We all love Jumanji. That’s a given. Jumanji is one of those movies that is the perfect cinematic experience.
And by Jumanji I mean the Robin Williams film from 1995. I don’t mean the recent 21st century films with Dwayne Johnson. Don’t get me wrong, I have no quarrel with those Jumanji movies, but they’re definitely not the same as the 1995 film.
Jumanji, a movie about a haunted board game that brings violent jungle-themed monsters from its own dimension over to our world, is the perfect Father’s Day film. No, seriously. Jumanji doesn’t exactly hit the viewer over the head with its message about fathers and sons but the emotional core is there. In fact, for a movie full of rampaging stampedes of animals trampling a mid-90s New England town, Jumanji can be surprisingly complex in some of its themes on family. Child psychiatrists would have a field day with the character of Russel Van Pelt, a murderous British hunter in a pith helmet who is devoted to killing the Robin Williams character Alan Parrish. Van Pelt is played by Jonathan Hyde, the same actor who plays Alan’s emotionally distant father Sam Parrish.
One thing that has struck me rewatching Jumanji with my son is how well the special effects have held up. Jumanji is almost 30 years old and watching Alan Parrish get sucked into a haunted board game is still kind of horrifying. It’s a huge contrast to Twister, which was made a year after Jumanji. Twister, unlike Jumanji, has not aged well in its visual effects.
Industrial Light and Magic (ILM) did the effects for both Twister and Jumanji.
The beginning of Jumanji, where two children named Alan and Sarah start playing the board game, is absolutely freaky. We see Alan roll the dice. The board game shows the words “In the jungle you must wait/ ’Til the dice read five or eight.” We then see Alan watch with curiosity and then horror as his finger tips stretch out thinner than a sheet of paper. Alan Parrish’s arms follow his fingertips. They stretch out like long snakes and finally his whole body squeezes out in a torturous way and whirls above the game as Alan screams in terror. “Roll the dice!!!” we hear him shriek at Sarah before he disappears. He already knows that the dice must be rolled to five or eight or he is doomed.
That scene is scary. And it’s still scary watching it almost 30 years later. Jumanji is a testament to how well-crafted effects which are imbued with the correct emotion can stand the test of time. Even the massive lion that Judy (Kirsten Dunst) and Peter (Bradley Pierce) unleash from Jumanji still impresses. I also love the running gag of the disintegrating cop car belonging to long-suffering police officer Carl Bentley (a hilarious David Alan Grier). Bentley’s car becomes more and more damaged by the Jumanji game’s shenanigans throughout the movie until it’s finally eaten by a large carnivorous plant. Other effects have aged less gracefully (the less said about the fuzzy digital monkeys the better) but overall Jumanji’s CGI has held up surprisingly well.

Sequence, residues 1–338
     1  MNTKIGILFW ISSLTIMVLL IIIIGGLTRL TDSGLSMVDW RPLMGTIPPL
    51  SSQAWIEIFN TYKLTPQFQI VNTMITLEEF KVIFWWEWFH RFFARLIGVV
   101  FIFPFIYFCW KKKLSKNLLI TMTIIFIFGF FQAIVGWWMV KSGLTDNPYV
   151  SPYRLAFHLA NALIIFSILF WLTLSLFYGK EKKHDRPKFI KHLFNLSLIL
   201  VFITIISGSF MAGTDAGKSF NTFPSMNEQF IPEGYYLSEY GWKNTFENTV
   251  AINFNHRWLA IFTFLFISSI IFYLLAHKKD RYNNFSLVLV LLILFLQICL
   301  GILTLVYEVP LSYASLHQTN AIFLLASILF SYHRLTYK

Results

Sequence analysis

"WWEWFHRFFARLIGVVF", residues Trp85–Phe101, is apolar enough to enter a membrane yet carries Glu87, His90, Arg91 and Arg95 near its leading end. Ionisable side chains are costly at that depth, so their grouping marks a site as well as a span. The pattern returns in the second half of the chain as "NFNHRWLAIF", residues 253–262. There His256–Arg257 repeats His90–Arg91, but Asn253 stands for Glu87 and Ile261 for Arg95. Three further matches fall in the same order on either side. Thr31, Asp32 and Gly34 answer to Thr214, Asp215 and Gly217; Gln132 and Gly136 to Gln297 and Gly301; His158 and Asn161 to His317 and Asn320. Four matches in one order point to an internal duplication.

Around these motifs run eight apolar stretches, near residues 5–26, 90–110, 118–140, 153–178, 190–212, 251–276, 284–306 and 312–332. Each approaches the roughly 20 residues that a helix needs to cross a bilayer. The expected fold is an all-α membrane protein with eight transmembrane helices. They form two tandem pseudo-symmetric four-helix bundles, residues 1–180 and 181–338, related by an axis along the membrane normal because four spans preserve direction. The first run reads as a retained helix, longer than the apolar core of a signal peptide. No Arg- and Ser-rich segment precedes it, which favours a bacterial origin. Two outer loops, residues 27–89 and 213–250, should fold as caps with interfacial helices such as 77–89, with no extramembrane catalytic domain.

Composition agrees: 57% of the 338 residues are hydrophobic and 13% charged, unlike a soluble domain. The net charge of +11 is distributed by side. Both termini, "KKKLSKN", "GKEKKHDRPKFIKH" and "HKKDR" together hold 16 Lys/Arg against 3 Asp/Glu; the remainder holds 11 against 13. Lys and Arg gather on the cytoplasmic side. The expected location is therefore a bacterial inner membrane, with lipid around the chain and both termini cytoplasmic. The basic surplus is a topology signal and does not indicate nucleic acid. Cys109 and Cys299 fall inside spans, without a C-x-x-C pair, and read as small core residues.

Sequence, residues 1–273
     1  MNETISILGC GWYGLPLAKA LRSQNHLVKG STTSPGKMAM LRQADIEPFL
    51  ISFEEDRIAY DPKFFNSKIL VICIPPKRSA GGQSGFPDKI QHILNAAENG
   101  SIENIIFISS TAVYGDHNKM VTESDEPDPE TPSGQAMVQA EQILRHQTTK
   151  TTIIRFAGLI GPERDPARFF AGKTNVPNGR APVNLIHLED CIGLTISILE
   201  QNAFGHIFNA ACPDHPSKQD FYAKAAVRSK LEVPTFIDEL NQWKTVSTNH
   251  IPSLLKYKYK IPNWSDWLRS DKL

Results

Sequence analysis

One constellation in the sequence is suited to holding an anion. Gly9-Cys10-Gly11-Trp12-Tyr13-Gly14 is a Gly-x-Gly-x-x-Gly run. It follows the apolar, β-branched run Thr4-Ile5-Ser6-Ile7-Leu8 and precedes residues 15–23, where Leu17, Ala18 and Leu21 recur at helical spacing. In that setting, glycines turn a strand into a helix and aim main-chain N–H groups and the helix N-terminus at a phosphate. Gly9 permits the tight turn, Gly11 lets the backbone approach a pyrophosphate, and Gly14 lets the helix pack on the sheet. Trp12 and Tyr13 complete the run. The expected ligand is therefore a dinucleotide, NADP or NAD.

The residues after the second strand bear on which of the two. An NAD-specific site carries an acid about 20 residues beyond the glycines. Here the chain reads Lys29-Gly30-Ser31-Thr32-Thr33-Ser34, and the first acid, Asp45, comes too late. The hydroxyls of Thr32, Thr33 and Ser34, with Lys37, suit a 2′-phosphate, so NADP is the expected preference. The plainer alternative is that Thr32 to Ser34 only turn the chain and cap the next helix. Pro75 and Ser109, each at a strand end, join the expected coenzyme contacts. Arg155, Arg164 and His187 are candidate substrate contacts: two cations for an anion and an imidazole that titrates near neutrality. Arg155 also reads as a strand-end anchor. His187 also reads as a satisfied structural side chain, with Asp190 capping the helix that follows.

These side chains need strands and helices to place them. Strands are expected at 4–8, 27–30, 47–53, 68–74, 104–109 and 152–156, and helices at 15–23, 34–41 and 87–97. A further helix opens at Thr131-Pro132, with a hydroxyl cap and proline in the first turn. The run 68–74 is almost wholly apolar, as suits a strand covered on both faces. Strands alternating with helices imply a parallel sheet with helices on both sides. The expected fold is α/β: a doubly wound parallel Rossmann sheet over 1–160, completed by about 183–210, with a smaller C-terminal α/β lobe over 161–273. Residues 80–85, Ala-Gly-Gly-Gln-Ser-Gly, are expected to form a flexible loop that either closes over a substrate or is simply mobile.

The practical effects of Jumanji are a bit more hit-and-miss. I loved the large elegant Parrish mansion festooned with jungle plants and flooded with monsoons. Less convincing were the large plastic spiders that attacked Alan (Robin Williams) and Sarah (Bonnie Hunt) towards the end of the film. And we can still see the rubber flexing around Robin Williams’ face when he is stuck in the wooden floor.
Another problem I have with Jumanji is the ending. It’s a kids movie so obviously it’s going to have a happy ending. The problem I have is that the ending to Jumanji is a little *too* happy.
After Alan wins Jumanji, he and Sarah are immediately transported back to 1969 when they both started the board game. He and Sarah are children again. Alan’s parents are still alive. Alan and Sarah get to re-do on their childhoods without any of the Jumanji-induced trauma that spoiled their first childhoods.
It’s just a bizarre message to send to kids. Hey kids, as long as you play by the rules all the bad things will totally go away! Your trauma will disappear. Your dead parents will come back to life. You’ll get a do-over on all the parts of your life that damaged you during the first time around. It’s all good!
But of course that’s not true. Trauma is often permanent. Time does not reverse and give you a second chance. Dead parents do not come back to life. You don’t get do-overs. A lot of bad things that happen are permanent and you just have to manage them or work to persevere despite the past.
The lesson that sometimes bad things happen and there’s nothing you can do about them is a hard lesson for children to learn. And Jumanji kind of whiffs on that.
Plus at the end we see Alan and Sarah as adults again. This time however they are on the second timeline and are happily married with a baby on the way. Which made me wonder a bit. Alan had been stuck in Jumanji from 1969–1995 in the first timeline, but Sarah had been in the real world. She would have known about stuff like the Challenger explosion and the Loma Prieta earthquake and Jeffrey Dahmer and all of that. Did she warn anyone while growing up again during the second timeline?
Or maybe she did warn people about other disasters and since we’re all living in the second timeline, we don’t know about those disasters because she prevented them. And the disasters we do know about Sarah couldn’t warn us about because they didn’t happen in the first timeline.
Whatever. I don’t know. It’s just a movie. And a good movie. I love Jumanji.
Even if it still freaks me out.